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The following notes, of which the sole object is to facilitato the English version to the English reader, have been added, more in conformity with the desire of others than from my own original intention: they are chiefly compiled from remarks of former commentators; and are inserted in the words, and designated by the names, of their respective authors. For the selection alone I hold myself responsible. But it would be unpardonable not to particularize the remarks of the Rev. W. Stawell and T. A. Knight, Esq. My estimation of the remarks of the former will be best evinced by the number and importance of the notes which I have selected from his printed illustrations: and the original observations of the latter, communicated in a letter to me, will give additional proofs of the sagacity of a writer, whose philosophical investigations and successful experiments have not only contributed to the speculative knowledge of this scientific age, but have assisted the labours, and meliorated the produce, of the farmer and the horticulturist.

W. S.



Pirgil begins the poem by propounding the subjects of his

four books-Agriculture, Planting, the Breeding of Cattle, and the Management of Bees--Aster invoking every rural deity, he particularly calls on Augustus Cæsar to favour his attempt-He now opens the peculiar subject of the first book, by pointing out the proper seasons for ploughing-He advises the husbandman to acquire a previous knowledge of different soils and climates, of the prevailing modes of cultivation, and of the productions suited to each country: and of these he gives several examples-He then resumes the subject, and mentions the seasons best adapted for the ploughing either of rich or of poor soils—Recommends that the ground should lie fallow, or be refreshed by change of crops or manure; that the stubble should be burnt for the melioration of the soil ; and that the ground be duly prepared by frequent ploughing and harrowing-He now enters on the subject of sowing, an. advises that, immediately after that process, the clods be carefully broken, and the land artificially overflowed-He then proceeds to the growth of the corn, and recommends the feeding down of its rank luxuriance-He now mentions several circumstances prejudicial to agriculture, and attributes them to the will of Jove. This remark easily leads to a digression on the golden and silver ages-He then describes the origin of agriculture, and the instruments employed in it: shows how to form a judgment of the ensuing harvest, and how to medicate and select the seeds---He then marks the connexion between agriculture and astronomy, which points out the different seasons for sowing different grains-From this connexion he likewise introduces the description of the annual course of the sun, and of the singular varieties occasioned by the position of the poles-He further evinces the utility of astro. Romical knowledge; enumerates several works to be performed in the rainy seasoil, and what are lawful on festivals; gives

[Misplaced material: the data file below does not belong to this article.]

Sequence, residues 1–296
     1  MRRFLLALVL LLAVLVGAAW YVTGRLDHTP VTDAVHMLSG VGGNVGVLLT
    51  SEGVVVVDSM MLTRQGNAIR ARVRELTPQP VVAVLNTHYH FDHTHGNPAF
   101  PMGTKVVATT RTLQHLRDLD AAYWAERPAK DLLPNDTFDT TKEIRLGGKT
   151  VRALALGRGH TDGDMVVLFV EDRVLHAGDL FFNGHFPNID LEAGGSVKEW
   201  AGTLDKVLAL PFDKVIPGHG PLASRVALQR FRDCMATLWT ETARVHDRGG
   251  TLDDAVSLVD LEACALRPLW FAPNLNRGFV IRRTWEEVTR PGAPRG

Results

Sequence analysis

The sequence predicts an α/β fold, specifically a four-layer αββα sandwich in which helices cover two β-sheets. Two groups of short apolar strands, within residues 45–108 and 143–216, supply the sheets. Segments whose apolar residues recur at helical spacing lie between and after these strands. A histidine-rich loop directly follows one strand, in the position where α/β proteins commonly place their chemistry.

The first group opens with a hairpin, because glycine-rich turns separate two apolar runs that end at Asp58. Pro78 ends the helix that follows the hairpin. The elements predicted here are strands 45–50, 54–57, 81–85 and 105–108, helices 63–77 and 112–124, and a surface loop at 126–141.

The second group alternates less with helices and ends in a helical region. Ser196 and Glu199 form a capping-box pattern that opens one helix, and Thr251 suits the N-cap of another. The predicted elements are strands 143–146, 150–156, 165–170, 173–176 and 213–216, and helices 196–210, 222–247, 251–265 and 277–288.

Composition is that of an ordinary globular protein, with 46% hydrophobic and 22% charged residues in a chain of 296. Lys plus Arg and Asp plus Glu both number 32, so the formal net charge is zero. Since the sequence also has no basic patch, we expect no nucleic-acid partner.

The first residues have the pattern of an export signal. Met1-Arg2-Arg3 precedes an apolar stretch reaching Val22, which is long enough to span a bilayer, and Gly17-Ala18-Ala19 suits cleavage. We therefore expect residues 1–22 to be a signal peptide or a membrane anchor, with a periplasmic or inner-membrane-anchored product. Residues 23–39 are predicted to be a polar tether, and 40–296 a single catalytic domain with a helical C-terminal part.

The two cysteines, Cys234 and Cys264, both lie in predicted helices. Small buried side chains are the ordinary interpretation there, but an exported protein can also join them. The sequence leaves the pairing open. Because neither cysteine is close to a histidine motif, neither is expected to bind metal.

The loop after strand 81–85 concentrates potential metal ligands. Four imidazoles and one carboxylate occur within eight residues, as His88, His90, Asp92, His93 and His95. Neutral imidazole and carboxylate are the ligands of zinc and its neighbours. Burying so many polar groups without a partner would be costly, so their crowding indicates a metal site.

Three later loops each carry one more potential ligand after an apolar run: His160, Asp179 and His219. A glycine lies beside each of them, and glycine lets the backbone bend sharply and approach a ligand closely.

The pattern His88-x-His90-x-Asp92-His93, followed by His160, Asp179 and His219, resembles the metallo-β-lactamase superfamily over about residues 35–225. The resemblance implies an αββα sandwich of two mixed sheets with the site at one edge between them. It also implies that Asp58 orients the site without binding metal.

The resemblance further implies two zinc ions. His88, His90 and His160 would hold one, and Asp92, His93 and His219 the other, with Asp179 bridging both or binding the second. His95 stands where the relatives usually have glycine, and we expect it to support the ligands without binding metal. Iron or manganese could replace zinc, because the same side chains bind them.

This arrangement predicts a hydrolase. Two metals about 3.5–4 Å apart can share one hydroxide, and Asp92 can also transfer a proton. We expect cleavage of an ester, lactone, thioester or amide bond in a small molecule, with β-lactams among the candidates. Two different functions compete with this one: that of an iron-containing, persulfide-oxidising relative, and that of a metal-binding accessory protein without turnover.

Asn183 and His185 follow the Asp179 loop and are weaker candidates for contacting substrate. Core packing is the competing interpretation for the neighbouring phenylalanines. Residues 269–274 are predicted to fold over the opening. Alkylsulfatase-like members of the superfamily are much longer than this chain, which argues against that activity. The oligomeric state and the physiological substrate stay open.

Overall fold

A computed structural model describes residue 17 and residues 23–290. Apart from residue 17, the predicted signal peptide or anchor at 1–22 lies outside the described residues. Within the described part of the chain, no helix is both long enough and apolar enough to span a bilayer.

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an account of fortunate and unfortunate days; what works best suited to the night; what to the day, both in summer and winter-From winter he naturally remarks on the stormy sea. sons, the latter end of spring, and the commencement of autumn ; deseribes a storm in autumn; and shows how to avoid such calamities by a diligent observation of the heavens, and worship of the gods, chiefly Ceres—Then he enumerates various prognostics of the weather; those of bad weather ; those of fine weather-Further prognostics from the sun and moon-He begins with the latter : continues the subject by predictions drawn from the rising and setting of the sun These prepare the way for a digression on the prodigies that followed the death of Julius Cæsar, and predicted the horrors of the civil wars-And he concludes with vows for Augustus, under whose government alone the world could be restored to peace and order.